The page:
Editor's Note: Due to a computer malfunction, much of the following article was omitted from yesterday's newspaper. The article is reprinted below in its entirety.

WASHINGTON -- If you're in the securities industry and gave money to House Ways and Means Committee members during the 1980s, you might be surprised to find out where it went.

Frank Guarini bought flowers. Tom Downey spent $15,000 on computer equipment. And Willis Gradison gave more than $200,000 to other people's campaigns.

All part of getting elected? Not so. The expenditures were made in the past two years with money left over when Guarini, Downey, and Gradison left Congress.

Those three and seven other Ways and Means members who gave up their House seats on Jan. 1, 1993, took with them more than $2 million in unused campaign funds, some of it supplied by the securities industry.

Nine of the 10 tax lawmakers received money in the late 1980s from law firms, underwriters, or trade associations with ties to the bond market. The contributors included the Public Securities Association; the Securities Industry Association; Goldman, Sachs & Co.; Merrill Lynch & Co.; Hunton & Williams; and Kutak Rock.

The former legislators could have put the money into their own pockets under a grandfather clause in federal election rules as long as they paid income tax on the funds, but all have declined to do so thus far. To be a so-called grandfather, a House member had to be elected before 1980 and leave Congress at the end of 1992.

Even so, the former members are still making use of their leftover campaign funds, as the law permits them to do. A few have made charitable donations, and one refunded a chunk of his war chest to contributors. But several former members have become Washington lobbyists, and they are doling out their funds as campaign contributions to their old colleagues who are still in the House.

The rules on unused campaign funds give former legislators a large amount of leeway. A spokesman for the Federal Election Commission said there is no deadline for terminating an old campaign fund, nor are there restrictions on how the money may be spent, though large receipts or disbursements trigger reporting and disclosure requirements. In addition, grandfathers have an unlimited amount of time to decide to convert their funds to personal use.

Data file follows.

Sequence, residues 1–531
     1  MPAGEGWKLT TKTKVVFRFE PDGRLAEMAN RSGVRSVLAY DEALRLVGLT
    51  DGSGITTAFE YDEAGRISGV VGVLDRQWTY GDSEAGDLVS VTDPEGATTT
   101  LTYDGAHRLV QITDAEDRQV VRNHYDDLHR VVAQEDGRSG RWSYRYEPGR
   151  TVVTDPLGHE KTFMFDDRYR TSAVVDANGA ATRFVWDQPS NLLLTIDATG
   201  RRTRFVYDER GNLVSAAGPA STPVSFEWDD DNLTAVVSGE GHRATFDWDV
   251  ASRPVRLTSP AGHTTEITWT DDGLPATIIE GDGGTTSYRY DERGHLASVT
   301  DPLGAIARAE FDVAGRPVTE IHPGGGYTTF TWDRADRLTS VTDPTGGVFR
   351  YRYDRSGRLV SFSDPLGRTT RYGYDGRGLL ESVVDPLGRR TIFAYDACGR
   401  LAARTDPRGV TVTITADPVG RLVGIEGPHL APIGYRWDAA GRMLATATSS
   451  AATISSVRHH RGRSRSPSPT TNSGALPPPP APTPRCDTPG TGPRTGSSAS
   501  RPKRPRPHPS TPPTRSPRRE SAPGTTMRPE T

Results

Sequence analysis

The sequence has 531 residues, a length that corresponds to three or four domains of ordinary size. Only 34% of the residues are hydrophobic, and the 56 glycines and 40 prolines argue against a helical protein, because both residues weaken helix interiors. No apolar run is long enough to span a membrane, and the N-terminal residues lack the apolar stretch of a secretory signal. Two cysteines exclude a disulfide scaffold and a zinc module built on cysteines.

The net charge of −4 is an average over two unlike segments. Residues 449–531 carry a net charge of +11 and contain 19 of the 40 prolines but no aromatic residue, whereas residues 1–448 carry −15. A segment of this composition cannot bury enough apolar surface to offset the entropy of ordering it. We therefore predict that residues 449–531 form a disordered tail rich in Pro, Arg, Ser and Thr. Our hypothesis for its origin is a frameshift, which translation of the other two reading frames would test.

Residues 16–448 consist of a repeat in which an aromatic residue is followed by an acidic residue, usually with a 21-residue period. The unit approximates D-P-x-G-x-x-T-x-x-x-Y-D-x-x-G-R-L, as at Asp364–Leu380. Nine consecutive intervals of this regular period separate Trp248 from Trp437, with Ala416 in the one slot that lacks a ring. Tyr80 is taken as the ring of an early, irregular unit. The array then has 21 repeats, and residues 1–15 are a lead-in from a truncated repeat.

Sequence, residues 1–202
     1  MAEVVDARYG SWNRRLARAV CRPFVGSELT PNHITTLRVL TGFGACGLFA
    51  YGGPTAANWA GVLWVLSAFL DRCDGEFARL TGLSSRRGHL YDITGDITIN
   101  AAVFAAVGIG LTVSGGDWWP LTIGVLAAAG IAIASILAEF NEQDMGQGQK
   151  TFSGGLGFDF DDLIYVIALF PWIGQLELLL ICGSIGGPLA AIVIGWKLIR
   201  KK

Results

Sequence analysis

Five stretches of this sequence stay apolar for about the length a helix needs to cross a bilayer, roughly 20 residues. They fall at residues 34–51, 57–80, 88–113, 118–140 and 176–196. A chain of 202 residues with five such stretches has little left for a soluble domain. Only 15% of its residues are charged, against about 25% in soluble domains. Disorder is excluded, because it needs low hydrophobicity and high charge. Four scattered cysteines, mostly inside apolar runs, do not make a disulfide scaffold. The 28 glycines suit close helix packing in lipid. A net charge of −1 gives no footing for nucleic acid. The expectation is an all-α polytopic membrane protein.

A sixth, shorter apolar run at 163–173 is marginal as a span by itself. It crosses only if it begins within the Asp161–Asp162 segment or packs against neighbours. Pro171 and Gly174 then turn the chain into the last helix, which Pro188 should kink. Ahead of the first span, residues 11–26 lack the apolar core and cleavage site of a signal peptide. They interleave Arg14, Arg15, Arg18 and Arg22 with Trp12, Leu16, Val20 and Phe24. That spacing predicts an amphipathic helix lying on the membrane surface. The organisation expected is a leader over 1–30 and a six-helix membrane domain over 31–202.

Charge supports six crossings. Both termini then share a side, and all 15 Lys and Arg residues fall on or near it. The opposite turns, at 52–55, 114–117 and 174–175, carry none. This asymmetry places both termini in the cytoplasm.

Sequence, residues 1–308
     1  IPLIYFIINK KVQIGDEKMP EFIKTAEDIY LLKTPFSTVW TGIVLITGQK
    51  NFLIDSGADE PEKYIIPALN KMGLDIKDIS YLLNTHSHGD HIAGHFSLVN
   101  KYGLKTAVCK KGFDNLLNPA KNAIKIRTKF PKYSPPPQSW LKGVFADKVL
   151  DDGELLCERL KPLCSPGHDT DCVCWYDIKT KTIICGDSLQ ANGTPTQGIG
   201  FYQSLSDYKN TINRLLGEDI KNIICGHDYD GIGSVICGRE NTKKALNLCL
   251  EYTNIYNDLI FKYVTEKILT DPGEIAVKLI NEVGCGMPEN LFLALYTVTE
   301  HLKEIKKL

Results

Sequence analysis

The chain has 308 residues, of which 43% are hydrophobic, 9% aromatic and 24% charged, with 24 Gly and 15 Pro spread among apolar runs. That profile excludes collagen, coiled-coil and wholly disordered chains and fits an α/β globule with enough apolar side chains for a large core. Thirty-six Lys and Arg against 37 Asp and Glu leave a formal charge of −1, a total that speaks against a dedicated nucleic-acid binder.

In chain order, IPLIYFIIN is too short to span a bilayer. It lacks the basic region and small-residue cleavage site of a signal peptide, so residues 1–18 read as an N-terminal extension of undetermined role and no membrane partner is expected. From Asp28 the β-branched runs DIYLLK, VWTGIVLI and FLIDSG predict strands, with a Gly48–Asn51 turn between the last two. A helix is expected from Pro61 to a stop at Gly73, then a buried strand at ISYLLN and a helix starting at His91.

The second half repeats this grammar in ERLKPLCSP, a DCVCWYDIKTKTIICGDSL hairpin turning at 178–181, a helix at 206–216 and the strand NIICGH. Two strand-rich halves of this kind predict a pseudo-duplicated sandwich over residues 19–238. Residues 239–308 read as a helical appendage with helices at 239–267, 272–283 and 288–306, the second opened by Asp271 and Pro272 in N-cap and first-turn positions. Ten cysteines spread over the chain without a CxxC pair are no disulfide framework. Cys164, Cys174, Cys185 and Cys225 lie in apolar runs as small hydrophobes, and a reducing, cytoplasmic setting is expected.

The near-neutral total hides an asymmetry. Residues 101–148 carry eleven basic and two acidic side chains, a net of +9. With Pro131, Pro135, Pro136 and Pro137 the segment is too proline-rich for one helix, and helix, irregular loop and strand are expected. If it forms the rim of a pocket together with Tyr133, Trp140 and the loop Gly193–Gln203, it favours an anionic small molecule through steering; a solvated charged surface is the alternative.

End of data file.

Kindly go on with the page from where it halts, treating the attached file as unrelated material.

Several other House members not on Ways and Means have already converted their campaign funds. Two of the largest conversions were made in 1993 by Larry Hopkins, a former representative from Kentucky who pocketed $665,000, and Bob Traxler, a Michigan Democrat who converted $296,000.

One of the war chests to receive the most media attention over the past couple of years has been that of Rep. Dan Rostenkowski, D-Ill. As the 1992 election campaigns began, Rostenkowski had $1.2 million in his campaign fund and was widely expected to leave Congress at the end of 1992 so that he could convert that hefty sum to personal use. But Rostenkowski ran again and won, remaining in Congress and forfeiting his right to ever pocket his war chest.

Among the 10 former Ways and Means members, the biggest campaign war chest at the end of 1992 belonged to Brian Donnelly, a Democrat who represented Massachusetts' 11th District before retiring in 1992. Donnelly is best remembered by the municipal market for championing legislation to extend the tax exemption for mortgage revenue bonds, and for proposals to curb rental housing bonds and issuance costs.

By the end of 1992, Donnelly had amassed about $738,000 in his campaign fund.

Another grandfather with a big campaign fund is Willis Gradison, former Democratic representative from Ohio, who had about $458,000 in unused funds at the end of 1992, according to election commission records. And Dick Schulze, former Republican congressman from Pennsylvania, had a war chest of $260,000 at the end of that year.